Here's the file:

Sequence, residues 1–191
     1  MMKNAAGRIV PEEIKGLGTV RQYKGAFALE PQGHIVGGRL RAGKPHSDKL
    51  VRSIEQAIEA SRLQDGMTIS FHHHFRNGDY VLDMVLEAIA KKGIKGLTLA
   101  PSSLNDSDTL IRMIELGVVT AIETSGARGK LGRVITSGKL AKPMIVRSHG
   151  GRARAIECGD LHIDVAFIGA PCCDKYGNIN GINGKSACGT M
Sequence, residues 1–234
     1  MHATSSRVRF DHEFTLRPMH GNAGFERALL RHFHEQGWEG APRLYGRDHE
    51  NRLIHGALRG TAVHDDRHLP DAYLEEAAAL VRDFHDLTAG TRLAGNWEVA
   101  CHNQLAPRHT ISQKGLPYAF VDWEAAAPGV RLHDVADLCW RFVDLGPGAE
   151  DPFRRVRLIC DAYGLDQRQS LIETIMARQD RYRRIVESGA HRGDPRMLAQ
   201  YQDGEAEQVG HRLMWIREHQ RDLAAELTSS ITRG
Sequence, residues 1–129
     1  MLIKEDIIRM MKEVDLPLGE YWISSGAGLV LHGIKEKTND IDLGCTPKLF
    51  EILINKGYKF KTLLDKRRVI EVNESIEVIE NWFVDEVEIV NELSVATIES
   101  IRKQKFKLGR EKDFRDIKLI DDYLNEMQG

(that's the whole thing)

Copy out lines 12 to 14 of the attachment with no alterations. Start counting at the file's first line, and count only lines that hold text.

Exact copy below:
Sequence, residues 1–129
     1  MLIKEDIIRM MKEVDLPLGE YWISSGAGLV LHGIKEKTND IDLGCTPKLF
    51  EILINKGYKF KTLLDKRRVI EVNESIEVIE NWFVDEVEIV NELSVATIES